Shale gas reserves in northwest England could meet the UK's entire consumption for more than five years, prospector IGas says.
The shale gas explorer says technical studies now point to an estimated range of 15.1 to 172.3 trillion cubic feet (tcf) of gas in place at its licence areas which sit between Liverpool and Manchester, with a most likely estimate of 102tcf.
The estimate dwarfs their previous forecast of more than 9tcf as well as national proven reserves, and although chief executive Andrew Austin says only some of the gas would be recoverable from the area, nonetheless the potential volumes could change Britain's energy balance.
"We (Britain) import around 1.5tcf, we consume around 3tcf a year, assuming you could recover technically something like 10 to 15 per cent of the shale gas in place, then it could move import dependency out for about 10 to 15 years," he told the BBC.
Britain expects to issue an upward revised estimate of its shale gas resources this summer. A preliminary estimate by the British Geological Survey put recoverable reserves at around 5.3tcf, enough to meet national consumption for less than two years.
Shares in IGas rose to a four-month high of 107.5 pence on Monday morning, and were trading 8.6 per cent higher at 101 pence by 8am.
Drilling is planned for later this year, which would refine the estimates and the potential of the basin, the company says.
Analysts at Jefferies say that while the estimate range was large, the most likely forecast of about 100tcf showed the significance of the licence, both relative to IGas's resource base and the UK's existing gas reserves.
"While only a portion of that will be recovered even in a success case, total proven gas reserves of the UK are about 7tcf, indicating the materiality of the potential," they said.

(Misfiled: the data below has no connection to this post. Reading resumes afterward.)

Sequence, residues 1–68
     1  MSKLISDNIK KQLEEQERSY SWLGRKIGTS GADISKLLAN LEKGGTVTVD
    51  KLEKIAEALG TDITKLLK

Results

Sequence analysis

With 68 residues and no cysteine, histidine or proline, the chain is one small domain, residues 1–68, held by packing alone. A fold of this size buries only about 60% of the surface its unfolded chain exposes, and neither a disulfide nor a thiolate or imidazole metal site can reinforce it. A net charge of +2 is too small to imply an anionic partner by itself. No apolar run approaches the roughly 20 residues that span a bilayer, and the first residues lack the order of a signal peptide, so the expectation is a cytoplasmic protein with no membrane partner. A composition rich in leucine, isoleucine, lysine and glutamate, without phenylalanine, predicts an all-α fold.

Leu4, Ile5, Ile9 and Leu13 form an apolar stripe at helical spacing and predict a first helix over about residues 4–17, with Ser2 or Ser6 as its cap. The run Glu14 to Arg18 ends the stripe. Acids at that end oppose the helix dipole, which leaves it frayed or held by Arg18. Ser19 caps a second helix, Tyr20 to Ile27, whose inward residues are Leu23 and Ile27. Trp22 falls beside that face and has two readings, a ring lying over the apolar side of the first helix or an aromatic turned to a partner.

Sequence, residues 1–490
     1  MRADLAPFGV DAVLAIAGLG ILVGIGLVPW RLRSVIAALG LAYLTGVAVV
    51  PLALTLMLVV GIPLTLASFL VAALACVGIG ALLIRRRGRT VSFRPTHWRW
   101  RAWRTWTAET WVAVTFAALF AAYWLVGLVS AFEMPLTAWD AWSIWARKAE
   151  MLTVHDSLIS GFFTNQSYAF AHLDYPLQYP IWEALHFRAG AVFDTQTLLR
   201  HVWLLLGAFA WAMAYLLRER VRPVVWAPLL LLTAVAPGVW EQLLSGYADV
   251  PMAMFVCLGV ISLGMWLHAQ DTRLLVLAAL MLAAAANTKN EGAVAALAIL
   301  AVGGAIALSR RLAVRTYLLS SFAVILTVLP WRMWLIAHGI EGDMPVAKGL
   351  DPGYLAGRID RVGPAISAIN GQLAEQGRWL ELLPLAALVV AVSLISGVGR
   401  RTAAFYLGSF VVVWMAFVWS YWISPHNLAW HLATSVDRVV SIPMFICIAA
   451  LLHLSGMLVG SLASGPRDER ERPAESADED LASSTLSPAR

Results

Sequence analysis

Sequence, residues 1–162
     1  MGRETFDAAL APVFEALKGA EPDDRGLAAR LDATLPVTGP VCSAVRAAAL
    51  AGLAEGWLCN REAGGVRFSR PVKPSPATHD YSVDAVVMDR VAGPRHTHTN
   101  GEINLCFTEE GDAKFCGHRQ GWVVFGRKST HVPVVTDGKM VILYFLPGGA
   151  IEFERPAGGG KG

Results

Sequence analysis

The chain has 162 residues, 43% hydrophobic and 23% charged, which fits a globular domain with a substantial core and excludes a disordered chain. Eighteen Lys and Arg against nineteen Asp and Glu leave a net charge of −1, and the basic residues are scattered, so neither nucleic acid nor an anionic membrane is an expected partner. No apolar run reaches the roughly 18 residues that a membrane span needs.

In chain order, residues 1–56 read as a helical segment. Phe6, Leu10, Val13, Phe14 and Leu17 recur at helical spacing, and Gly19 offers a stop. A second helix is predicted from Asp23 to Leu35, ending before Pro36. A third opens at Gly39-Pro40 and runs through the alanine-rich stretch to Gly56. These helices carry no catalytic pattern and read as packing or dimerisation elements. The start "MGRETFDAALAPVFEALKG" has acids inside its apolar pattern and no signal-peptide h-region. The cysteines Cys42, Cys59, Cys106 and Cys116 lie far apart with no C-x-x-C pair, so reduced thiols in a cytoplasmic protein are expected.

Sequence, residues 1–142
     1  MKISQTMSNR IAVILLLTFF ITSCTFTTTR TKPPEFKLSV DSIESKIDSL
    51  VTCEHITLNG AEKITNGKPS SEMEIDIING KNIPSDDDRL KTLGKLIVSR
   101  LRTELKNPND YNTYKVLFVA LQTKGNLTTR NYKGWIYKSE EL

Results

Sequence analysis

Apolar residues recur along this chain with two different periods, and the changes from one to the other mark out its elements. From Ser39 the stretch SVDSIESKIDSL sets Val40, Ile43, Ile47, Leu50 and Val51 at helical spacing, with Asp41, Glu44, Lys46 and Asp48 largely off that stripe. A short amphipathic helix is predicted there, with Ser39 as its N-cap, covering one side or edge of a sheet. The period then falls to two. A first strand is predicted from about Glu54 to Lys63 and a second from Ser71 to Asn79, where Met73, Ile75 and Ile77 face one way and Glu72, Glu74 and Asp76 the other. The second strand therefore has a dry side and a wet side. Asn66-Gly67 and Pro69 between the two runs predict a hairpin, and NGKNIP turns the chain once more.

According to government figures, the UK's total current proven, probable and possible gas reserves stand at around 25tcf, including 17tcf of proven and probable gas.
But responding to IGas’ shale gas reserve estimates, Greenpeace Policy Director Doug Parr pointed out that every analyst, from Poyry, to Ernst and Young and even Cuadrilla say UK shale will have little or no impact on people’s bills.
"Deciding how much gas there is based on the word of a shale gas firm is like buying a second hand car without lifting up the bonnet and asking the price.
"IGas may be keen to impress its investors in China but these figures are just hype. The world's largest oil and gas firms were attracted to Poland by similar claims; now they are rushing to leave,” he says.
"MP's voting tomorrow on the decarbonisation of the power sector should remember that sending drilling rigs into our rural villages in a desperate hunt for gas could cost them votes. They should instead vote for clean, renewable energy that will bring bills down over time.”